Kemp wins Georgia GOP governor’s primary, facing Stacey Abrams again
Georgia’s incumbent governor defeated David Perdue, other Republicans in Republican primary
ATLANTA, Ga. (CBS46) - Get ready for Kemp vs. Abrams, round two. It’s game on.
Gov. Brian Kemp won Georgia’s GOP gubernatorial primary Tuesday night, defeating four other candidates - including former U.S. Sen. David Perdue - to earn his party’s nomination for a second term as governor.
Perdue conceded the race to Kemp around 8:30 p.m. Tuesday night.
Kemp will face Democrat Stacey Abrams this November in a rematch of 2018′s nationally watched Georgia’s governor’s race. Abrams won her party’s uncontested primary Tuesday night, and was officially declared its winner shortly before 7:20 p.m.
“Our battle is far from over tonight,” Kemp told hundreds of supporters at his victory speech late Tuesday night. “Tonight, the fight for the soul of our state begins to make sure that Stacey Abrams is not going to be our governor or the next president.”
>> What to expect in Kemp vs. Abrams, round two
Four years ago, Abrams won only 29 counties compared to Kemp’s 130, but lost the popular vote by only 54,723 votes. The final tally was Kemp’s 50.2% (1,978,408) to Abrams’ 48.8% (1,923,685 votes). Libertarian Ted Metz earned less than 1% of the vote.
Georgia’s GOP gubernatorial primary also was a test of strength for former President Donald Trump, who enthusiastically endorsed Perdue. Trump has repeatedly accused Kemp of allowing Democrats to steal Georgia’s 2020 presidential election results. Joe Biden won Georgia in 2020, the first Democrat since Bill Clinton in 1992 to carry the state in a presidential election.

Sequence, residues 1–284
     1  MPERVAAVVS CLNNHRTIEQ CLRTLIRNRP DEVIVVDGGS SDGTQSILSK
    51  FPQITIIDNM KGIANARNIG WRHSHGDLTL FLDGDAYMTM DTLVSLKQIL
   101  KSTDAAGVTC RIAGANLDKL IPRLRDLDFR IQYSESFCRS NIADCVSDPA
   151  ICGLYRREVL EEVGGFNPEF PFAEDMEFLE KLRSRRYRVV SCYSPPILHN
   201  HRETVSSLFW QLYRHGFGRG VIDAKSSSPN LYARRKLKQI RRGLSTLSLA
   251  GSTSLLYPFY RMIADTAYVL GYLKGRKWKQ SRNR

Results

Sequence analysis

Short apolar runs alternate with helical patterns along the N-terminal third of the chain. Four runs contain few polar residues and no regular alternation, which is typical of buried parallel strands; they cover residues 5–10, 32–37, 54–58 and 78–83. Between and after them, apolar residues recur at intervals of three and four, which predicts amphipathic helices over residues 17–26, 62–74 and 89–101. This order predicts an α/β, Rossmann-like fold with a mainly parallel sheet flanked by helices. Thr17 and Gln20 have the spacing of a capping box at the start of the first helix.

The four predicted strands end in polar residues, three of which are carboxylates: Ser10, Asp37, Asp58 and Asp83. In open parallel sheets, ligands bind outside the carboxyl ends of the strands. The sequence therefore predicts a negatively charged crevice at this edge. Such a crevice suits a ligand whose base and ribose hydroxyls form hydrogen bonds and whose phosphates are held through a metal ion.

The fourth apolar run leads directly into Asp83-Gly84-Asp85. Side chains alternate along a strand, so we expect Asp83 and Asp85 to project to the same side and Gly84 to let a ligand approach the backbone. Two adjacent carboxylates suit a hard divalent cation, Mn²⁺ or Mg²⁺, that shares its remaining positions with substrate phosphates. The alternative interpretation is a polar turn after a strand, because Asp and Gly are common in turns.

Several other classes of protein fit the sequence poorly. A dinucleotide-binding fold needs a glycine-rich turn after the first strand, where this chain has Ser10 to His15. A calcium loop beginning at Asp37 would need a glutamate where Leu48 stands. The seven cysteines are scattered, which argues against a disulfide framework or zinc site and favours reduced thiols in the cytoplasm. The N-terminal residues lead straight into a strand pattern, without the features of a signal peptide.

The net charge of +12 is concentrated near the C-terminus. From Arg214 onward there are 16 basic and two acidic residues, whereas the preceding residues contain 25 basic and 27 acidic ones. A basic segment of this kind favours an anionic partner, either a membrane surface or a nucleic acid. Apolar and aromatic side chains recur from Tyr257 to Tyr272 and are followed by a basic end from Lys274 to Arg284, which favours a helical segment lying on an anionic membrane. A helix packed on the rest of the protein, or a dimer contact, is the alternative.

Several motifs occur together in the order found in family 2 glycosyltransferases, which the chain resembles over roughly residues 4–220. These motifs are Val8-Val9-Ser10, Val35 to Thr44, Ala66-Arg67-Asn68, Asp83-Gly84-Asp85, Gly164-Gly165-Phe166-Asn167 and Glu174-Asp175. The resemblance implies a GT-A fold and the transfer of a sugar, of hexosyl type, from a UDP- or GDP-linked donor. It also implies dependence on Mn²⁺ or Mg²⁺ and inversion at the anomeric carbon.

Biden narrowly defeated Trump by only 11,779 votes, a margin of less than half of 1%. Georgia was the only deep Southern state carried by Biden two years ago.
On Monday, both Kemp and Perdue campaigned a full final day before the election. Kemp canceled a fly-around because of weather, but held a virtual news conference in the morning and a metro Atlanta rally with former Vice President Mike Pence, who broke with Trump by endorsing Kemp.
For his part, Trump hosted a Monday night tele-rally for Perdue.
Georgia’s 2018 gubernatorial election was the closest since 1966, when a race featuring Democrat Lester Maddox, Republican Howard “Bo” Calloway and Ellis Arnall, an independent, was thrown into the state General Assembly to decide. Maddox was elected by state legislators on the first ballot despite having lost the popular vote by less than 1 percent.
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